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The ‘angelversary’: Marking a loved one’s death anniversary

A butterfly sitting on gently cupped hands

Photo by Mathias Reed on Unsplash

Some people call it angelversary, while others mark it as a sadiversary or remembrance day. Many annual calendar events take on new meaning when someone dies, but the date someone died can be the most profound of all.

It’s traditional to light candles, visit gravesides and place memorial notices in newspapers to mark death anniversaries. For some, it’s a quiet and private affair, while others appreciate people sharing in the significance.

“For me angelversaries are the most difficult time of year,” says Jenn Cagle-Huffman, founder of peer-to-peer support organization SOLOS (Survivors of Loved Ones to Suicide).

Her definition of an angelversary? “The celebration of my loved one’s life… on the yearly anniversary of their death. The day my loved one became an angel.”

Jenn, who lost her beloved mom to suicide, says her personal focus on her angelversary is to remember a beautiful life and not the death. On death anniversaries through the years, she has planted memorial trees, invited family and friends to balloon releases, and suggests donating a book in your love one’s name every year to the local library. Some years, too, she finds a private place to simply remember.

“It is ok to talk to your loved one, to scream at your loved one, or just write them a letter expressing your feelings,” she adds.

Year after year

The sadiversary is also a time when many people reflect upon their survival and healing, as every year goes by.

“Seasoned” widow Jean R has been writing about life without her soulmate of 42 years, Don, since he died in 2012. Her blog, The Misadventures of Widowhood, charts how she has marked five sadiversaries since Don’s passing.

“Even though he died on a nondescript day in the middle of a nondescript month I doubt I’ll ever reach a point when it will be just another day on the calendar,” writes Jean.

For her, it’s a red-letter day. On the fourth anniversary of Don’s death, she re-read the sympathy cards and letters she received, as she began a clear-out of mementoes she’d kept since the funeral.

“Would they affect me differently than they did in 2012?” she asked.

“The answer is yes. As I sat reading I savored the words, where before I read them in a state of numbness.”

While many people supporting someone who’s been bereaved are great at remembering birthdays or reaching out on holidays, fewer may mark the anniversary of a death.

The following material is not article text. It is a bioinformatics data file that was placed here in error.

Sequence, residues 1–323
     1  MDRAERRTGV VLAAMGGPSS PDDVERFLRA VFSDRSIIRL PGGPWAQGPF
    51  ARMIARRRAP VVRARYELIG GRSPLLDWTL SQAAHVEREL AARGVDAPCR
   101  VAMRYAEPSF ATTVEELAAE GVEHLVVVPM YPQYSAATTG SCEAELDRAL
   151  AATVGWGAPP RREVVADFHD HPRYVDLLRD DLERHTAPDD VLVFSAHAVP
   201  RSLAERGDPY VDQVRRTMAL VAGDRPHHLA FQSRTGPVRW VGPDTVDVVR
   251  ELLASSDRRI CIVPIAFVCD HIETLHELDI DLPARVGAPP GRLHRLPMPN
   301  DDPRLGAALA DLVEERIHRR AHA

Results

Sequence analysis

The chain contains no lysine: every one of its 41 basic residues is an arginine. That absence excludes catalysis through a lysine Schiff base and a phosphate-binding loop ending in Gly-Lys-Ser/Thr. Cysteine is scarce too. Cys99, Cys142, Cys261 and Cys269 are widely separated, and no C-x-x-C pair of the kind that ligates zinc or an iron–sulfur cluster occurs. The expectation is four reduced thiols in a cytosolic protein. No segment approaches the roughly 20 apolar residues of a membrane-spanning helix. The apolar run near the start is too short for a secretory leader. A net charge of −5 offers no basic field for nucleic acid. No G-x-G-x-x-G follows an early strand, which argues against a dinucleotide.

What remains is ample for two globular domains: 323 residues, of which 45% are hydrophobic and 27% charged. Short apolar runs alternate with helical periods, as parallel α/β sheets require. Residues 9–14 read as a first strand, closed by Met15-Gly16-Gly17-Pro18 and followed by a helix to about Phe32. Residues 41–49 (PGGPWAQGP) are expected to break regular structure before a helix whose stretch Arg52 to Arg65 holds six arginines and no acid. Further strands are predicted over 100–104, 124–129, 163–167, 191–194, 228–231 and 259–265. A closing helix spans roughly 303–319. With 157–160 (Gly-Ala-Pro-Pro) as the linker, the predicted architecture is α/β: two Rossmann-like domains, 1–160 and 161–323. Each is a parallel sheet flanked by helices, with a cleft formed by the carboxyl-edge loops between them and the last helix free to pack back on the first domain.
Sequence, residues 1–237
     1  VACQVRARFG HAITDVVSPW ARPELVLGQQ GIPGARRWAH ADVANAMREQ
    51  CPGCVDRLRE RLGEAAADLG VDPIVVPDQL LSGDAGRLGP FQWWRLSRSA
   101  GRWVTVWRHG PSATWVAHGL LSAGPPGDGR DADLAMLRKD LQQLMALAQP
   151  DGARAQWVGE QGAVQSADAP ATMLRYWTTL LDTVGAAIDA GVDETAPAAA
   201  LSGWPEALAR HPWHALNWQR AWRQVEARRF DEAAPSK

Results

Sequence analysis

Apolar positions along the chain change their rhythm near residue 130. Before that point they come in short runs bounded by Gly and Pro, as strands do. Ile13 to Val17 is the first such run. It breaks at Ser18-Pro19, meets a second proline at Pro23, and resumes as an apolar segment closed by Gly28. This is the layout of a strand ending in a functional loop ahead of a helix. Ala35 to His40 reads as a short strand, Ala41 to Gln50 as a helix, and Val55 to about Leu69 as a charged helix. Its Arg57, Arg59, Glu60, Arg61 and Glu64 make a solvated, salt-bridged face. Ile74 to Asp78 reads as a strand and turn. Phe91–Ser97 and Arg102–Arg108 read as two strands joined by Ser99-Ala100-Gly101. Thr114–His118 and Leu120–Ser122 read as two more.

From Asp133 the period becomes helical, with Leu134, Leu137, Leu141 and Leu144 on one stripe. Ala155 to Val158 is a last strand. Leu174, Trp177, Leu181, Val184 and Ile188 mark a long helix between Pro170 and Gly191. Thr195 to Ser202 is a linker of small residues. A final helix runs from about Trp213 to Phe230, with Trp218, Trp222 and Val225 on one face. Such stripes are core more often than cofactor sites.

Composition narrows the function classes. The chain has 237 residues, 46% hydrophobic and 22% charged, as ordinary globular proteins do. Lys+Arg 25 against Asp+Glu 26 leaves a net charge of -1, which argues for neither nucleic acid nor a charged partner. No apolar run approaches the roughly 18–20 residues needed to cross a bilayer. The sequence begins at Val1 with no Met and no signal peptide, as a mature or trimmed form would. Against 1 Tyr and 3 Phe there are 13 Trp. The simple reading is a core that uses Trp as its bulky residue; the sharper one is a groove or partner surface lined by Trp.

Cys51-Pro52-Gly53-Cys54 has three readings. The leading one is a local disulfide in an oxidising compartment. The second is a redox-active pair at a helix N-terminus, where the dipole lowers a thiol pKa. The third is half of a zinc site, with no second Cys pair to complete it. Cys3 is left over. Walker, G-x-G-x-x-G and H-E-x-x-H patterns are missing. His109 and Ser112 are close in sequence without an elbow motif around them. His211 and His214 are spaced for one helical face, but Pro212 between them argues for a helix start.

It’s not unusual for people to mail a card to remember a one-year death anniversary, but as time goes by, writes PetesGirl77 on the Young Widow Forum, later sadiversaries can pass friends by.

“I’ve learned that people won’t remember the way we do. It doesn’t mean they don't love or care, but they don’t feel that day coming like we do,” she says.

She reveals how she reached out to friends for support, when she faced a death anniversary on the actual day of the week her loved one died.

“I knew it was gonna hit me hard. So you know what I did? I let everyone I thought I may need to lean on know, ahead of time.”

Also posting on the Young Widow Forum, Mizpah claims sadiversaries for herself: “These dates are mine and it wouldn’t make sense honestly if people remembered them. It’s a mark of special-ness,” she says.

As time passes

Whether you quietly light a candle, release butterflies or take a vacation, a death anniversary can be testament to enduring love, as well as new life without a loved one who will never be replaced in your heart.

Eden relates on a blog for Chicagoland Young Widowed Connection how for the first three years, friends and family would gather on the anniversary of her loved one JP’s death for a service at the church where his memorial service was held – followed by a party, drinks and socializing. Year four, she decided, would be a more private and contemplative affair.

“I’m still figuring out what our tradition will be in the long run for ‘sadiversaries’ and I’m sure it will change when the entire month of February no longer has such a profound impact on my mental and emotional status,” she reflected.

Not everyone marks death anniversaries. Some people choose a loved one’s birthday as a special time to remember someone who is always in their hearts and never far from their mind. Every grief experience is different and the passing of every year can change the way we contemplate and live with the loss of someone we loved.

To mark 15-year-old Destiny Stafford’s second angelversary on July 27, her family and supporters planned a fundraiser for the charity they founded in her name.

Destiny’s death from a tragic horse riding accident saved and transformed the lives of six people and their families, when her loved ones made the decision for her to become an organ donor. Her mom, Kelly, founded the Destiny Lives On Foundation to promote organ donation and to support families with a loved one awaiting, or having gone through, a transplant.

“I want to others to have a chance at life,” says Kelly, from Gaston County, NC.

“Because of Destiny and the Destiny Lives On Foundation countless people have decided to become organ donors and many lives will be saved as a result. She is an inspiration that will live on forever.”